Former commissioner on the Commodity Futures Trading Commission advised Obama in an op-ed on CNBC today to take a reasonable approach to digital currency and blockchain technology, one that fosters innovation.
Bitcoin and blockchain regulation has been a hot topic at conferences and on the nascent technology’s online forums. Bitcoin, known for its anarchist and libertarian leanings, fear government legislators and regulators.
Many episodes have tarnished bitcoins name, as well; namely, the Silk Road and Mt. Gox affairs. These have led to everyday people, and regulators, to associate the digital currency with the black market. In many pronouncements by politicians, the technology has even been associated with terrorism.
The US government, thus far, has taken a laissez-faire approach on the new technology, except when the laundering of funds are involved. The Securities and Exchange Commission, The Commodity Futures Trading Commission and the Internal Revenue Service have all opined on the technology, increasing to its relevance and overall acceptance. In his piece for CNBC, Chilton cited a precedent for open-minded policy towards blockchain.
“When the internet was being developed, an effort and initiative by the Clinton administration to ensure that the fledgling idea would not be overly regulated was put in place — the 1997 Framework for Global Electronic Commerce,” the former commissioner said.
The point: to ensure laws and regulation would not negatively impact innovation. Current CFTC Commissioner Chris Giancarlo recently (and rightly) called for such protection for digital currency. President Obama should heed the call.
Chilton proposes that the US political system, with its emphasis on state-level guidelines for money transmission, could stymie developments in blockchain technology: “The U.S. could lose out on what are potentially enormous economic benefits.”
Bitcoin’s current market cap is US $7 billion: “That’s to say nothing of the colossal commercial value of blockchain endeavors which could help fuel-inject the economic engine of our democracy.”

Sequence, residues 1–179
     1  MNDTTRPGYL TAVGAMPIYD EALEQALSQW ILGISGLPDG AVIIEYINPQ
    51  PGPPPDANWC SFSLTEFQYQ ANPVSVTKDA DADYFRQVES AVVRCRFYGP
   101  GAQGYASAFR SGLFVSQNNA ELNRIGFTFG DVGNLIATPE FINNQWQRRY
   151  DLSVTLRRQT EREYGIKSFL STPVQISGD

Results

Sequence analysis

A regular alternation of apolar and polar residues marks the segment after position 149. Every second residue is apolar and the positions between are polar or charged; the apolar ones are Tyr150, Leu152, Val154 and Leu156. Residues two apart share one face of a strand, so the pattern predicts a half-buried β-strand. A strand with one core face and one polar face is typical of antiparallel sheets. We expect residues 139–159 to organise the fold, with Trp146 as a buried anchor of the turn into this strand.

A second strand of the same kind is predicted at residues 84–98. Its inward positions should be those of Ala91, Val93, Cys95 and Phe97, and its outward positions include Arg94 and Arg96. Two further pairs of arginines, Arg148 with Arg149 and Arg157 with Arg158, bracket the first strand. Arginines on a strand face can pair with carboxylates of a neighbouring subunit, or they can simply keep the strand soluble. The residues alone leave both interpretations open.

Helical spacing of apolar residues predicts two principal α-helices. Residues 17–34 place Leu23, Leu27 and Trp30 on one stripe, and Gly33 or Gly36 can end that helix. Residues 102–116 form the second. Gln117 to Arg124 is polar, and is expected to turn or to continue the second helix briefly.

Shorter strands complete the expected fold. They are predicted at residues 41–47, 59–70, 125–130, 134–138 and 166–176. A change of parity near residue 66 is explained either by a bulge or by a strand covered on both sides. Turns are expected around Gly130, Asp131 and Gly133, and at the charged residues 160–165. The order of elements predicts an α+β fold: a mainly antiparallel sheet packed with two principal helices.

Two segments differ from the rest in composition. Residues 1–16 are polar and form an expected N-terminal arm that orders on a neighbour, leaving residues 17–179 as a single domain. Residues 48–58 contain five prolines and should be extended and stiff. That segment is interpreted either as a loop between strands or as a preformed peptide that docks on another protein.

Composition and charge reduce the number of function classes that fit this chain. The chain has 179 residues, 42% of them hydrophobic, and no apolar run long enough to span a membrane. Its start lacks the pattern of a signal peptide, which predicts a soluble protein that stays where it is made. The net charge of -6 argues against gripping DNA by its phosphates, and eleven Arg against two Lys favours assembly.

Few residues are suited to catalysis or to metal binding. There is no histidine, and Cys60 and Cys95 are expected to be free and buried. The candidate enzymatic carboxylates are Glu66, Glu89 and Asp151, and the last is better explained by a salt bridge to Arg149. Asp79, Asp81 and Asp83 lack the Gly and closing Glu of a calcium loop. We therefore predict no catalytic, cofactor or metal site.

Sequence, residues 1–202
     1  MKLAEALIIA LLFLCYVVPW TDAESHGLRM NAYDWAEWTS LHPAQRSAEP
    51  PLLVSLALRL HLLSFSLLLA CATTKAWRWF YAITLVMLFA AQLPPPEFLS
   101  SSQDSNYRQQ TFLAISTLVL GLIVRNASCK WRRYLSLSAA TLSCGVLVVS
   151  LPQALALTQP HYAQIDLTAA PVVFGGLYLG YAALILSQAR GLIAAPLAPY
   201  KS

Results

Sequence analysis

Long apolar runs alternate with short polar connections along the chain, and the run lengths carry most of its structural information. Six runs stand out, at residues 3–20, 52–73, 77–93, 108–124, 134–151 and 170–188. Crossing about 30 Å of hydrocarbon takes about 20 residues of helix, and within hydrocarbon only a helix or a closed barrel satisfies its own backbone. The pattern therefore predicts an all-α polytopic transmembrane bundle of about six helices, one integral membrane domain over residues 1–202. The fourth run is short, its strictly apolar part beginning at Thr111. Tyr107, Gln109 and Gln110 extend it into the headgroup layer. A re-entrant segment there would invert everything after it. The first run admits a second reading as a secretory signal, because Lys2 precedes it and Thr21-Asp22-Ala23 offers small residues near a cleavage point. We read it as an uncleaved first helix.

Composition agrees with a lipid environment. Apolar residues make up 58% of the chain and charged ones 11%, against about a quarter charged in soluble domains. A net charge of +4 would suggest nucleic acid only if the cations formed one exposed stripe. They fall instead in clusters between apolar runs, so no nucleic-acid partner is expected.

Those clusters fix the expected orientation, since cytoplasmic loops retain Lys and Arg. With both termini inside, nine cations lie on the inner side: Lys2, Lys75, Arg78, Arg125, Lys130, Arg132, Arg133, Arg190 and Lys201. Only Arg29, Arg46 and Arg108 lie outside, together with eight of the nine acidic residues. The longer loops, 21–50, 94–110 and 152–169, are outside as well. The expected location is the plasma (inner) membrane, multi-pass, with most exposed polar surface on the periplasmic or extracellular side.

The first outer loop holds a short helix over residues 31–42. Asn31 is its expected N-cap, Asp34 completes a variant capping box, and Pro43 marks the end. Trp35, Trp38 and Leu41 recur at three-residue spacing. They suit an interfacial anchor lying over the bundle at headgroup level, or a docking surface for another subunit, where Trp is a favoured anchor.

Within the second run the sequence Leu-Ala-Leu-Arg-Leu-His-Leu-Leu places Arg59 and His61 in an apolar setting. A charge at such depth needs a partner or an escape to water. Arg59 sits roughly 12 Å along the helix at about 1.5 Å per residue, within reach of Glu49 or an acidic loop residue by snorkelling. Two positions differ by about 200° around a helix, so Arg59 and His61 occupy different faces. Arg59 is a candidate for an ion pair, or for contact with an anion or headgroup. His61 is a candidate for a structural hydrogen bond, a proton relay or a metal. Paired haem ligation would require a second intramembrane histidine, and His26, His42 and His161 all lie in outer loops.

In the piece, Chilton parrots the notion that the blockchain could revolutionize the way the world banks, trades, exchanges, real estate and voting. Chilton recognizes Europe’s rationality on blockchain technology.
He believes the US should look towards doing the same: “There is a huge opportunity that can be tapped into if U.S. government officials and industry thought-leaders establish an appropriate balance between basic consumer protection regulation and an openness which not only permits, but fosters and promotes, innovation. We did it with the internet — and we need to do it now with virtual currencies like bitcoin.”
In 2013, as one of five commissioners for the Commodity Futures Trading Commission, Chilton took a different tone towards the regulation of Bitcoin: “Here’s what I know for sure: we could regulate it if we wanted. That is very clear.” Then, he believed the federal government could play a part on Bitcoin.
He said: “There is potentially a federal role here, and we have to make sure that we’re on guard that whatever is traded is appropriately regulated.”
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